Register below and download the DeepView on Pi Release and access the Sample Projects and Tutorials.

Let us know what you think and have fun!

DeepView on Pi Demo Examples

The demo videos below were all created with the DeepViewML Toolkit using the DeepView on Pi Release.  Each of these projects can ​be easily replicated  by following the DeepView QML development examples and developers are then able to customize and extend these example projects to experiment with other applications and use cases using both public and proprietary ML models.

Single Shot Detection (SSD) Example

This video shows a standard TensorFlow SSD model converted and optimized to run on the DeepViewRT engine deployed to a Raspberry Pi 4 platform.  In this example the model runs at 20fps.

With an appropriate dataset and the DeepViewML Toolkit, developers can retrain standard and custom SSD models to detect other objects of interest.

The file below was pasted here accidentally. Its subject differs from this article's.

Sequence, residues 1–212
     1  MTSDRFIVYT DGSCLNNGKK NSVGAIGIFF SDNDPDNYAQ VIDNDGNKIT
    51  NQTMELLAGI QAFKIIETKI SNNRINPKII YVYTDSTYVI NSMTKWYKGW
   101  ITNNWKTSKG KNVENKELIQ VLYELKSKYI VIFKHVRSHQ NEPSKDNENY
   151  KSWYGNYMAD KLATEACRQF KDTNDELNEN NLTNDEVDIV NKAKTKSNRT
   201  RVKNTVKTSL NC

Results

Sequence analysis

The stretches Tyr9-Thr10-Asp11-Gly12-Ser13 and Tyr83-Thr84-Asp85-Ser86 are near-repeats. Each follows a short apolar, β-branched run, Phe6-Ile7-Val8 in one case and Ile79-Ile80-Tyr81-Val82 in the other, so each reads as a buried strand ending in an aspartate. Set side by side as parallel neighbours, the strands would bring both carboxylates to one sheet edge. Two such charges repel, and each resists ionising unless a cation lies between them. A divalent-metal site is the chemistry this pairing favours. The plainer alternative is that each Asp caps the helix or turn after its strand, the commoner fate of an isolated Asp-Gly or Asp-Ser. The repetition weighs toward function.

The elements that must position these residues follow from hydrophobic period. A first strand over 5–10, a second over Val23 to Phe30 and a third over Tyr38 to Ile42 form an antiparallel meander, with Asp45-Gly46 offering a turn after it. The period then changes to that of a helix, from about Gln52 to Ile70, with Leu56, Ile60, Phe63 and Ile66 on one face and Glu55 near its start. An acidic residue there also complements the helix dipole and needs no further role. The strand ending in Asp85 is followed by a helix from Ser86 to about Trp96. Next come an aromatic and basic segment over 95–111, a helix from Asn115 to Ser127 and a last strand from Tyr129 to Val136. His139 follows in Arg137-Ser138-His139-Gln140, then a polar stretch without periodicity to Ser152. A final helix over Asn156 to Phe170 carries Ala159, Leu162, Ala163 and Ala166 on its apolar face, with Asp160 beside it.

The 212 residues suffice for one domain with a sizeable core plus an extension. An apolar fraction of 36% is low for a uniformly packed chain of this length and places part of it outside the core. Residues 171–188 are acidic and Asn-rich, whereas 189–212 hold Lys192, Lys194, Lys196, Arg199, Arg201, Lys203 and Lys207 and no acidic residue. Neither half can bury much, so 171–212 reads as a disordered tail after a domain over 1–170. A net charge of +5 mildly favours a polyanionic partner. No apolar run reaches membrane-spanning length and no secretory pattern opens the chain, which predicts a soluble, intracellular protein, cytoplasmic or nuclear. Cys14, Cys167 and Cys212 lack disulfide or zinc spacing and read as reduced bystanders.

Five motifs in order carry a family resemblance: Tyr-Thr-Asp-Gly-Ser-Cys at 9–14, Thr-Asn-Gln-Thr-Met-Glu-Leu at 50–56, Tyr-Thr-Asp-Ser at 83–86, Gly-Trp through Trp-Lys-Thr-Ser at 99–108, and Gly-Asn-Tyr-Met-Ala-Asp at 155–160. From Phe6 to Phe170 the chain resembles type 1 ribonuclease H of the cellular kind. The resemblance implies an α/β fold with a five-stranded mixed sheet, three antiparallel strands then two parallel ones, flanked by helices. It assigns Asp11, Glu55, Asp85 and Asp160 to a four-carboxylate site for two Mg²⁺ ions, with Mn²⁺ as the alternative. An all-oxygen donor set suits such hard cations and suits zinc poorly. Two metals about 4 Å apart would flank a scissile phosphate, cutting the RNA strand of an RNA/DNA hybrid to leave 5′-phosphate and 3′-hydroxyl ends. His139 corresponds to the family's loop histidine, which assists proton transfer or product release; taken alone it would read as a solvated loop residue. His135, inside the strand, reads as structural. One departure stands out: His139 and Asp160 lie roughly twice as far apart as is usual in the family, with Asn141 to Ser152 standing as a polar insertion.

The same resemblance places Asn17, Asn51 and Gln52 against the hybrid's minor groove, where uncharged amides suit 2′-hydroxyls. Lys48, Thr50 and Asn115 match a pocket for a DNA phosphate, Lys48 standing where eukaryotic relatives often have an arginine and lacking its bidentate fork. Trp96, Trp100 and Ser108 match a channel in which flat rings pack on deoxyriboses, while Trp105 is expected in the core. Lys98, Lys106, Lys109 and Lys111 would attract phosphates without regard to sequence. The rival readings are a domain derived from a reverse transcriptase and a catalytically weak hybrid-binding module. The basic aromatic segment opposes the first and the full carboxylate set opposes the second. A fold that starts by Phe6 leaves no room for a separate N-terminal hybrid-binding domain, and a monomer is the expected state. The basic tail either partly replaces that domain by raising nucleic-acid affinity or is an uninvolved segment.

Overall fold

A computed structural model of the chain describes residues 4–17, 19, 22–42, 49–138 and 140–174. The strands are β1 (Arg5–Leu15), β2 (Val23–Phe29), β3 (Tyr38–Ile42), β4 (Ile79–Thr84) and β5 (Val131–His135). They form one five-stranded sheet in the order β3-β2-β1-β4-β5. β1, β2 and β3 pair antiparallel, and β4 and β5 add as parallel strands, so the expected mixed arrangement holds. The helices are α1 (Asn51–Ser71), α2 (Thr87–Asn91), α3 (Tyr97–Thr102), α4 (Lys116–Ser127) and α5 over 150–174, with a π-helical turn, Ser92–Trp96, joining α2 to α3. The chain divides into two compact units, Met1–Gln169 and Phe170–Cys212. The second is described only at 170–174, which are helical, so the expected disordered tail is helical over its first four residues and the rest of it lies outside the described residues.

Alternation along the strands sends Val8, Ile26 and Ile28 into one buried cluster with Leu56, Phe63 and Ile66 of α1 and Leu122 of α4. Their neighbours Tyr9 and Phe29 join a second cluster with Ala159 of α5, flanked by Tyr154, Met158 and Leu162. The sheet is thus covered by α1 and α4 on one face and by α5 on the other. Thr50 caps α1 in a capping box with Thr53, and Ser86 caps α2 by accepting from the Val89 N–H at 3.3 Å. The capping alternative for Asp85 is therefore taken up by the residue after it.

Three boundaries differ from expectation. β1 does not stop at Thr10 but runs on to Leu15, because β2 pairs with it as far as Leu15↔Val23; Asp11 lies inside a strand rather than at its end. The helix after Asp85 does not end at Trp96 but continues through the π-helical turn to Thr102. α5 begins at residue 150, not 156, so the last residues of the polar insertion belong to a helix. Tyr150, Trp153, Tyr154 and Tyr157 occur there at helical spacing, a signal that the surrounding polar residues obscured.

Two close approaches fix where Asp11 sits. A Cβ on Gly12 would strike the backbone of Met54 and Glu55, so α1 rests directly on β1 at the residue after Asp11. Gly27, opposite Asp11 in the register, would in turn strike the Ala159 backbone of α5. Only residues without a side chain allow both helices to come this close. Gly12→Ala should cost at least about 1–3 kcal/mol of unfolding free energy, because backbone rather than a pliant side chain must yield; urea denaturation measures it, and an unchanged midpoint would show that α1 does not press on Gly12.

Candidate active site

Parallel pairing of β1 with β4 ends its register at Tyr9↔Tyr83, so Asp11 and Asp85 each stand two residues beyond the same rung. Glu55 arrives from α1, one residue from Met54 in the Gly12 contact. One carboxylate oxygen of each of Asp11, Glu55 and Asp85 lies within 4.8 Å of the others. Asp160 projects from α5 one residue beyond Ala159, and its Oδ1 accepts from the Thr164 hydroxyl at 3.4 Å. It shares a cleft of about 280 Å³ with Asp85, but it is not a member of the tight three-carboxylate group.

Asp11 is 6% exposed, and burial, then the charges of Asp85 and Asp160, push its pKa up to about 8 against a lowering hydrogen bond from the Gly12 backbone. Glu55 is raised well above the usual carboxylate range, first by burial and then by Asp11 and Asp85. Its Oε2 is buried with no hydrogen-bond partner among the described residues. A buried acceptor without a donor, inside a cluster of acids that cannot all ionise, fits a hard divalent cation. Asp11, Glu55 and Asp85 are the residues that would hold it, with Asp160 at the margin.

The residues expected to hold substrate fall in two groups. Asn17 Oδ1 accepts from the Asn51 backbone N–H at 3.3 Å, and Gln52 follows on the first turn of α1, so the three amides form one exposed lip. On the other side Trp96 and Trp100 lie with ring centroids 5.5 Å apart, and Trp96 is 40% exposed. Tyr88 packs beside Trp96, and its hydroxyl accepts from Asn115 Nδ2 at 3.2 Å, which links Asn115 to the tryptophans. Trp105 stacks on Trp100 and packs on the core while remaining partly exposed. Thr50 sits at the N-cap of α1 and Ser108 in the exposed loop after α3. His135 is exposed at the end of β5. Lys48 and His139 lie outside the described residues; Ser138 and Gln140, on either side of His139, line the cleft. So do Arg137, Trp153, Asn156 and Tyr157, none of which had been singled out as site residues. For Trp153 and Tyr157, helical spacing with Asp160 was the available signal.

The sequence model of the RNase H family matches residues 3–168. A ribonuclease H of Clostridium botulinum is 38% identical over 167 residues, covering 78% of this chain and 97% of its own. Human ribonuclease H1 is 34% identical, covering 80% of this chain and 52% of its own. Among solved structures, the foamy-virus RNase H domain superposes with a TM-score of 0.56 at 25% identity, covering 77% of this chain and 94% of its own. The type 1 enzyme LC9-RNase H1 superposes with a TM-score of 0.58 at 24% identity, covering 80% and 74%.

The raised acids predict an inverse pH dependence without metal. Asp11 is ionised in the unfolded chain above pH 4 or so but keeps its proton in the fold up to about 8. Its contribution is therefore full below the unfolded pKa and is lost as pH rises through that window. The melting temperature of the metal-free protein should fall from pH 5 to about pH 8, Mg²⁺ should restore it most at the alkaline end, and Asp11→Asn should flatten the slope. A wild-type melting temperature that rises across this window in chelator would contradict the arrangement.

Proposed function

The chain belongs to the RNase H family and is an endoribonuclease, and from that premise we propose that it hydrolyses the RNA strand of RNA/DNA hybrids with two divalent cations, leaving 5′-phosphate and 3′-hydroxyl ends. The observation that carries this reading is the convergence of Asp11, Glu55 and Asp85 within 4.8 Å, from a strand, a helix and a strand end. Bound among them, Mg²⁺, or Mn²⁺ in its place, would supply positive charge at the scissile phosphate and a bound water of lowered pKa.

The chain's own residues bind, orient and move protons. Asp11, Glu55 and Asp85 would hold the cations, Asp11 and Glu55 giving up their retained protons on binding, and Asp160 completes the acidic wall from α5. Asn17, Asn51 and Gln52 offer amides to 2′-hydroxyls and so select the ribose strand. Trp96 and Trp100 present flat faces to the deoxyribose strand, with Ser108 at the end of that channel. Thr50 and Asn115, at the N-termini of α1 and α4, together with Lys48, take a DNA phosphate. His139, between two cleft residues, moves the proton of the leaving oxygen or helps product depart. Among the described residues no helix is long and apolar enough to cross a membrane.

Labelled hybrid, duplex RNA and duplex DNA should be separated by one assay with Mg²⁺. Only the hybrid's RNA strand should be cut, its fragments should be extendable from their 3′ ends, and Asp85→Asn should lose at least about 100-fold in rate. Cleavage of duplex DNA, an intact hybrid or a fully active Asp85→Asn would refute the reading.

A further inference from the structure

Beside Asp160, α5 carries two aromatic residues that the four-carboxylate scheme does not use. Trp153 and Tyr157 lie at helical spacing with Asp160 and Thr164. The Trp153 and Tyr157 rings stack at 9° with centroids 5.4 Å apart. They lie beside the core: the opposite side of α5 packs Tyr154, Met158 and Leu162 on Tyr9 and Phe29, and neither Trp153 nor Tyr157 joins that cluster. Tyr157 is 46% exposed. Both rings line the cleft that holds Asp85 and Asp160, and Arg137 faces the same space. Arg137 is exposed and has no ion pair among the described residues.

Real Time Segmentation Example

This video shows a standard TensorFlow Segmentation model converted and optimized to run on the DeepViewRT engine deployed to a Raspberry Pi 4.

Image segmentation annotates or 'paints' pixels in real time with a color denoting the classification of the specific object detected by the ML model. 


In this example using a public model converted and optimized with the DeepView tools to run on the DeepView engine, the system is able to detect, classify and annotate humans and trains at 5 fps on a standard RPi 4 device.

Gesture Recognition for User Input

This video shows a modified PoseNet model converted and optimized to run on the DeepViewRT engine deployed to a Raspberry Pi 4 platform.

The user application has been extended to make use of the ML model output as an input to a gaming emulator deployed on the same target.

Developers are able to extend this example to provide gesture recognition and user input for a wide variety of useful applications  (or just have fun playing other video games).